Hard Candy Tried To Trademark #MeToo & People Weren't Happy
The #MeToo social media movement has allowed women to share their stories their own way. There has been no trademark on the phrase, despite the countless people who have embraced the term — until now. According to TMZ, the beauty company known for their iconic '90s nail polishes, Hard Candy has applied to trademark #MeToo. Fans are not thrilled to hear that the brand wants to splatter the hashtag onto beauty products, but executives at Hard Candy claim that they have a good reason to trademark the phrase.
Update: Hard Candy has reached out to Bustle and provided the following quote, reflecting that the trademark will now be pulled.
“As a brand devoted to women since its inception, Hard Candy has and will continue to support women’s rights. Hard Candy has always quietly and proudly supported a non-profit organization that directly contributes to many women’s causes.When the trademark application for #metoo was filed, one of our objectives was to bring greater awareness to this important and long overdue movement," Falic tells Bustle.
"We planned to donate 100% of all profits arising from this trademark to #metoo. Based on several public responses, we have abandoned the application. We will continue to support the work of this watershed movement and other causes that respect the dignity of women and all people."
#MeToo is a social-media campaign against sexual assault and harassment. The movement was founded by Tarana Burke in 2006 and has since showed up on timelines and feeds all throughout the globe. Beauty brands standing behind major causes like #MeToo is not an uncommon thing. What is uncommon is a brand reportedly trademarking the phrase.
Hard Candy reportedly submitted a trademark application for #MeToo on October 20, according to the Trademark & Application database. According to TMZ, Jerome Falic, CEO of Falic Fashion Group which owns Hard Candy said in a statement that, “the company’s intention is to give back to women worldwide" and tells Bustle that the company wanted to "bring greater awareness" to the movement.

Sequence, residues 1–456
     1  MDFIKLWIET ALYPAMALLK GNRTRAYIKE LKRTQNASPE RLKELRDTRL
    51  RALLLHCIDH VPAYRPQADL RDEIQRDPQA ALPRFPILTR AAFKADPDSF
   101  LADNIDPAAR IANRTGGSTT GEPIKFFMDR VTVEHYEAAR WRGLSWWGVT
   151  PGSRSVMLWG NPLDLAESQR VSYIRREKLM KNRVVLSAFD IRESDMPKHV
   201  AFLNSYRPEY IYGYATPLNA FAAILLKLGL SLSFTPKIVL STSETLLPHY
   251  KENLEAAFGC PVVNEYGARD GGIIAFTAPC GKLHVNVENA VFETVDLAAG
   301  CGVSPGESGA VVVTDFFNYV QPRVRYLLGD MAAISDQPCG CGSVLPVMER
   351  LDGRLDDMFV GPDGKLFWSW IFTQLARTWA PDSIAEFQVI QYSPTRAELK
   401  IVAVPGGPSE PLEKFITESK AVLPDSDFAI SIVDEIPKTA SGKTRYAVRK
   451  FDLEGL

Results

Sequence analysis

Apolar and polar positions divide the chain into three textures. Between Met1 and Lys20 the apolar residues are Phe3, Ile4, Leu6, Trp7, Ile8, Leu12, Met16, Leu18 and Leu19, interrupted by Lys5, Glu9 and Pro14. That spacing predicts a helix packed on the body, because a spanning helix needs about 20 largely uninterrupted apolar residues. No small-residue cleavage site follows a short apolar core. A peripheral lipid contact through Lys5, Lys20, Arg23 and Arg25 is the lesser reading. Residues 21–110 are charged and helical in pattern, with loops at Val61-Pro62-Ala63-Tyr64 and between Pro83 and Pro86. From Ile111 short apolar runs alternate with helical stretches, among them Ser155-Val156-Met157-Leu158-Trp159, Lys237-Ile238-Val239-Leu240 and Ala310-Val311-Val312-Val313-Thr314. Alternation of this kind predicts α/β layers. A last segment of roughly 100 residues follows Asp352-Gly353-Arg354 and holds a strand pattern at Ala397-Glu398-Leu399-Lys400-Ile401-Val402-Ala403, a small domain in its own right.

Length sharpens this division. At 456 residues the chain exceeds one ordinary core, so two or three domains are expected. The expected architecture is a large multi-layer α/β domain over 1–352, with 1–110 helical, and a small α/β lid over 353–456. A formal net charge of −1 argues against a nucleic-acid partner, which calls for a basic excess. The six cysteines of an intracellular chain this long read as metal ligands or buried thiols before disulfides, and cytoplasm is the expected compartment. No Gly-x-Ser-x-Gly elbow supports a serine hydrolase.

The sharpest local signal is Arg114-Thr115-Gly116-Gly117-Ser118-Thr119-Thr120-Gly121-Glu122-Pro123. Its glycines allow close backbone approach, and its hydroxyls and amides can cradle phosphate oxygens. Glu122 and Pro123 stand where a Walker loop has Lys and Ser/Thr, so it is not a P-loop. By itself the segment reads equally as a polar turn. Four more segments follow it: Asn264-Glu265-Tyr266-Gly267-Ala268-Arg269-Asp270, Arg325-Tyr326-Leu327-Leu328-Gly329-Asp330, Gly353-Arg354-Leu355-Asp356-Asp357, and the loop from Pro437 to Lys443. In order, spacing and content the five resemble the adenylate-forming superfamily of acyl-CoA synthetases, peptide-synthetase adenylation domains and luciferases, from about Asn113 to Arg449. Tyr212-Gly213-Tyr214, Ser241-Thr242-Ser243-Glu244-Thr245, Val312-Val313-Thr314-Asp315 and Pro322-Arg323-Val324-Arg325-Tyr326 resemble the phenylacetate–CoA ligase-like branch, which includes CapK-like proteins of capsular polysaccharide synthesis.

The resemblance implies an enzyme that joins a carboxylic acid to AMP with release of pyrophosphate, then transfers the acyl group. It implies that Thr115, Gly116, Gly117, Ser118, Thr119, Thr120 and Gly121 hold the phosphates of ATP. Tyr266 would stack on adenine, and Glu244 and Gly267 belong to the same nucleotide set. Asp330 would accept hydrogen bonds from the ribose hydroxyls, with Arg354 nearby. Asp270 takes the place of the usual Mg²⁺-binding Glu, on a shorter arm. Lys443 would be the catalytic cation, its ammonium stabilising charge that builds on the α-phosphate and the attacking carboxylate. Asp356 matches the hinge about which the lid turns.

It turns out that the #MeToo movement didn't need any attracting awareness, which might have been why they decided to ditch the trademark. That, or the backlash that came along with it.
Like I said before, there have been tons of charitable makeup products out there that offer a share of proceeds to organization. Brands like Tarte Cosmetics make it a point to do charitable work throughout the year and even gotten behind the campaign Kiss And Makeup to fight bullying. Others, like Lip Slut, created the lipstick called F*ck Trump right after the 2016 election and now has another called F*ck Hollywood.
Giving money back, as the brand reportedly intends to do, is not the problem. People have an issue with the brand claiming the hashtag — no matter what they intend to do with it. There's no doubt that it would change the strength of the movement. It might even discourage celebrities as well as survivors to get behind the cause. The idea of the movement is that survivors are the face of the cause. Associating a brand name with it could change that.
As of Jan. 18, Burke has not made a public statement on whether or not she is involved with the trademark situation, but Bustle has reached out for comment.
People are overwhelmingly discouraged to hear that Hard Candy would try to claim the hashtag. People on Twitter have shared their concern about the company's alleged trademark, while other have even said that they will be boycotting the company. Others are not surprised to see a brand take their seemingly good efforts a little too far.
There's a difference between being a friend to the movement and making money off of it. No matter where the money is said to be going, people are noting that the whole situation feelings a bit icky.
Backlash, indeed. Some see it as the brand hijacking the movement and trying to make it their own. The movement is powerful enough on its own and doesn't need brands backing it with products.
Burke hasn't made a statement on the alleged Hard Candy trademark, but people are interested to see how she feels about it.
I'm just going to set this open letter right here. It speaks for itself.
Makeup is often used as an escape for people. To brand it with #MeToo could be troubling to survivors.
Simple and sweet. Social media movements should not be used as a marketing tool.
This Twitter user says it best, "some things are not for exploiting."
This brand is going to need to think twice about going any further with its trademark.